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Evanescence - The Ultimate Collection album review

A quintessential and comprehensive collection of reissues, rare tracks and more

In music industry parlance, ‘the ultimate collection’ is often anything but. Take a band’s back catalogue, supplement it with a few demos found on a Memorex C90 in the lead singer’s make-up drawer, slip in a couple of reproduction tickets from a 1971 gig at the Ipswich Gaumont… Yeah, that’ll suffice. Thankfully, Evanesence’s The Ultimate Collection bucks that throwaway trend – and how. For starters, it’s heavy – and we ain’t necessarily talking about those great crunching guitars that regularly interrupt frontgal Amy Lee’s waft-a-goth ramblings.

What we have here are six LPs, each pressed on beefy 180-gram vinyl. You remember those old PMRC ‘explicit content’ stickers? Well, this should carry a warning about its perilous weight – older Classic Rock readers could be in danger of putting their back out.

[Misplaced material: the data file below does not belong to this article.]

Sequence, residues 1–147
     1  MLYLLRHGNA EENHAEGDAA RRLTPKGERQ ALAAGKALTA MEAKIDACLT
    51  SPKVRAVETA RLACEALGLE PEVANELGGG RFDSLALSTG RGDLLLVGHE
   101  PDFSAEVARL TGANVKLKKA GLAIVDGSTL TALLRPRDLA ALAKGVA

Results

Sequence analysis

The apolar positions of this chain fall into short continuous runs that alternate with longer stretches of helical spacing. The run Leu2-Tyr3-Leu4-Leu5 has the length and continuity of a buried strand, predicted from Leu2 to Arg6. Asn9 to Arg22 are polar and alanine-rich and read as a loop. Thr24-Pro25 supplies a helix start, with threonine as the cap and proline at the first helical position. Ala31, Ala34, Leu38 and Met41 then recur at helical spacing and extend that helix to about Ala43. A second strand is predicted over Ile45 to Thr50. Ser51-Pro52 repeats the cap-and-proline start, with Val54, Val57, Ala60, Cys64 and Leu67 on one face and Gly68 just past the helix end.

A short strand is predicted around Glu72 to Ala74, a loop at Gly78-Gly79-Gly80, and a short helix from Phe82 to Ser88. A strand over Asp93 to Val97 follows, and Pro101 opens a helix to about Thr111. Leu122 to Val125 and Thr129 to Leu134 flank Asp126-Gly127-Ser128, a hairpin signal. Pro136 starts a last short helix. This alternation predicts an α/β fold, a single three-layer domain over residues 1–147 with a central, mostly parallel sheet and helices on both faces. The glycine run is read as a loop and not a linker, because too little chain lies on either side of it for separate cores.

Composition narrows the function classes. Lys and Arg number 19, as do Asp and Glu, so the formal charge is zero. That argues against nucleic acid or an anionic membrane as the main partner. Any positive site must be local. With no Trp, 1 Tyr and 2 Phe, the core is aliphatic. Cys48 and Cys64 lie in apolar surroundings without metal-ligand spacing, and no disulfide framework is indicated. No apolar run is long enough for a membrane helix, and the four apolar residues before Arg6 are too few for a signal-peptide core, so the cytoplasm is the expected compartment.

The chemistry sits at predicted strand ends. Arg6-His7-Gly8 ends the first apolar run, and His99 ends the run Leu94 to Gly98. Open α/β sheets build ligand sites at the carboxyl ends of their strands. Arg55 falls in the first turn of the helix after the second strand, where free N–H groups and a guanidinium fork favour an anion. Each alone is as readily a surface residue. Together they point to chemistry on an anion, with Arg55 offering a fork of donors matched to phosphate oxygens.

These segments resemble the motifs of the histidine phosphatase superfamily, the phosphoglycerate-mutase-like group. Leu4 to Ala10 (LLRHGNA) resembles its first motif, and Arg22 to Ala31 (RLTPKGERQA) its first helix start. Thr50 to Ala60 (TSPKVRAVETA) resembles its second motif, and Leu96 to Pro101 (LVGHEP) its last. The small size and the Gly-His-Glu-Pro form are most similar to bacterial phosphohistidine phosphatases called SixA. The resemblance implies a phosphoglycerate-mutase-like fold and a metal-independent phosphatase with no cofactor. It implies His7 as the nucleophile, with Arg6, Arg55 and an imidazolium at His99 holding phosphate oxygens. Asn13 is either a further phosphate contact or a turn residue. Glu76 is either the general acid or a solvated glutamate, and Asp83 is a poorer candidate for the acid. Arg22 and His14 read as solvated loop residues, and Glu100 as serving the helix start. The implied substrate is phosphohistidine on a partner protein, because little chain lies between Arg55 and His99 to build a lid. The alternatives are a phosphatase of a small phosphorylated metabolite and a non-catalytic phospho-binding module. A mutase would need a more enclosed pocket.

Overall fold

For the record – pun intended – the set comprises the studio full-lengths Fallen, The Open Door and Evanescence, and, for the first time, Origin, the band’s first demo album (a handful of copies were self-released in 2000), which features early versions of Fallen hits such as Whisper and My Immortal.

There’s more. Bonus LP Lost Whispers collects the careerspanning B-sides and also includes two vinyl exclusives: the studio version of Evanescence’s trademark tour intro and a 2016 acoustic update of one of the band’s earliest songs, Even In Death. Finally, there are custom lyric inner sleeves and a 52-page hardback book featuring rare photos, handwritten lyrics and artwork from Amy Lee’s journals.

Musically, there’s stacks to savour, although Lee’s agonised musings are an acquired taste. There’s plenty of soul-searching, tracks such as Call Me When You’re Sober, My Heart Is Broken and Sweet Silence often sounding too up-close-and-personal for comfort. Witness this smattering of lyrics from the latter: ‘I dream in darkness/I sleep to die/Erase the silence/Erase my life.’ Nevertheless, to the selfharm generation, Evanescence’s songs are both anthems and touchstones, which cannot be anything but a positive.

The cardboard slipcase that houses the collection even depicts a glow-in-thedark star system. No doubt about it, this is quintessential Evanescence. Or, to make a 1970s prog-rock reference, let’s just call it quintessence.